By Adam Cooper, Crain News Service
DETROIT (May 31, 2013) — While the main focus in recent weeks has been on Pirelli Tyre S.p.A.'s Formula 1 test conducted by Mercedes-AMG-Petronas at Barcelona, a session conducted by Scuderia Ferrari has now come into the spotlight.
Ferrari conducted the test on Pirelli's behalf at Barcelona between the Bahrain and Spanish Grand Prix races. Ferrari has justified its involvement in the same way that Mercedes has, saying that it was simply responding to a request made by Pirelli by letter in March of last year.
Paul Hembery, Pirelli's motorsports director, told this writer in Monaco: "Some replied, some didn't."
The key point is that Ferrari ran only a 2011 car on behalf of Pirelli, in stark contrast to the later Mercedes test at the same venue with a 2013 machine. Thus there is no question of Ferrari having circumvented the Federation Internationale de l'Automobile (FIA) sporting regulations by running a current car.
The test was conducted at Barcelona, not by the race team but by the Corse Clienti division, which runs F1 cars owned by wealthy customers, as well as street demonstrations and any other running involving non-current cars such as young driver tests.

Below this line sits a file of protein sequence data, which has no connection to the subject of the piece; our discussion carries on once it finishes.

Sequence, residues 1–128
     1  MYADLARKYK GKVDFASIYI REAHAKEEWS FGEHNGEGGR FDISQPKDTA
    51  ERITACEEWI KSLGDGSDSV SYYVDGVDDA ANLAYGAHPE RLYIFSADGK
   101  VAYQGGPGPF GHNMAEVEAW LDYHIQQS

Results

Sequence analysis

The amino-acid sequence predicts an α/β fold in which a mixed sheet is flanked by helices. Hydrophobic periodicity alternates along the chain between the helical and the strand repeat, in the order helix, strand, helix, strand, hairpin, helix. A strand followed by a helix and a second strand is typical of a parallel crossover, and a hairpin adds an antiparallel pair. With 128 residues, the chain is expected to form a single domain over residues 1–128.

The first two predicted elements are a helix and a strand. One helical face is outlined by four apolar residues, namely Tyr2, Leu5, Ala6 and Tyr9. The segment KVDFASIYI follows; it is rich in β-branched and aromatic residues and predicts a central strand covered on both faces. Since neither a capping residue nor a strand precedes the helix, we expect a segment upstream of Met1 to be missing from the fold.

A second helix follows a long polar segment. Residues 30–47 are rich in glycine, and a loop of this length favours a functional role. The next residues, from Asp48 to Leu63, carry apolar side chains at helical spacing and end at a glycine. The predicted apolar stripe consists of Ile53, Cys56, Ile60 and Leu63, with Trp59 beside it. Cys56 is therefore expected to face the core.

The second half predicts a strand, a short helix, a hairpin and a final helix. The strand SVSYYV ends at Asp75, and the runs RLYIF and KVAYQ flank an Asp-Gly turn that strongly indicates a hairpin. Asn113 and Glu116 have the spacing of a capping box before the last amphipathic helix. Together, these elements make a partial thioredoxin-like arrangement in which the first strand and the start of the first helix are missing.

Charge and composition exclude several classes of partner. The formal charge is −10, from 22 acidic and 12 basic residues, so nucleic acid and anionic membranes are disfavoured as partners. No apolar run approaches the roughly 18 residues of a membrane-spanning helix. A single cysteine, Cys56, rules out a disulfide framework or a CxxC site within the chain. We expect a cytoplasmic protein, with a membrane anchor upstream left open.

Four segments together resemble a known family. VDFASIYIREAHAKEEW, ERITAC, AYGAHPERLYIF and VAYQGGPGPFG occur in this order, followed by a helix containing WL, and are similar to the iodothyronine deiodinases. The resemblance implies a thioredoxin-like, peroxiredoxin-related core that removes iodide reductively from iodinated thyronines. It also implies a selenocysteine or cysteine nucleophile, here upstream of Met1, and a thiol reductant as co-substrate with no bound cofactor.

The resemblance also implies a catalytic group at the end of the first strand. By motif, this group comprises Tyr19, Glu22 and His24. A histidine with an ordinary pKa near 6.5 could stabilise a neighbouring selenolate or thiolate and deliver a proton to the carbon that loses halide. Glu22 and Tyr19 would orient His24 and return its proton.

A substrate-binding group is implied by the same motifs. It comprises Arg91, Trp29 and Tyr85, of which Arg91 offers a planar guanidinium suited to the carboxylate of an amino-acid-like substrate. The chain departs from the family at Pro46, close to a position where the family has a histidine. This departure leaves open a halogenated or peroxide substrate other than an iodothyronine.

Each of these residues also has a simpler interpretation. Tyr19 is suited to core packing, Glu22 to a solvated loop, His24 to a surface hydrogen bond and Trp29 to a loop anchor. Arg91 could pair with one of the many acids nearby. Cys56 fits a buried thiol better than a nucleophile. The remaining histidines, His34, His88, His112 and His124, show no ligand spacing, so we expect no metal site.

In Monaco, Stefano Domenicali made it clear that Ferrari's protest against Mercedes was focused solely on its use of the W04—on the basis that the Italian team would be happy to test with its own F138, if that is ultimately deemed legal.
"For a bit more of a year, there has been a possibility of performing these so-called 1000-km tests that Pirelli does for its own tire development," a team spokesman told this writer.
"For Ferrari, it has always been very clear that these tests could not make use of a 2013 car. In terms of running an old car, the matter is quite irrelevant, because it is totally within the rules.
"This is something that we have never denied, this was very transparent. All the teams have this possibility. The tires—the specification of the test—is something that Pirelli knows, not us."
While Ferrari clearly has not broken any FIA rules, rival teams were not aware of the test at the time and have been somewhat surprised as details have gradually emerged.
Thus, the issue is more one of a lack of transparency from Pirelli, and as with the Mercedes test, its contractual commitment to the FIA to ensure sporting equity.
Until the Ferrari test, Pirelli had conducted its development with a 2010 Renault run by the Lotus show-car team, but with other teams kept fully in the loop about what was going on. The teams were given clear guarantees that Lotus would not gain any advantage and were sent reports of the test results. This was not the case with either the Ferrari or Mercedes tests.
This report appeared on .autoweek.com, the website of Autoweek magazine, a Detroit-based sister publication of Tire Business.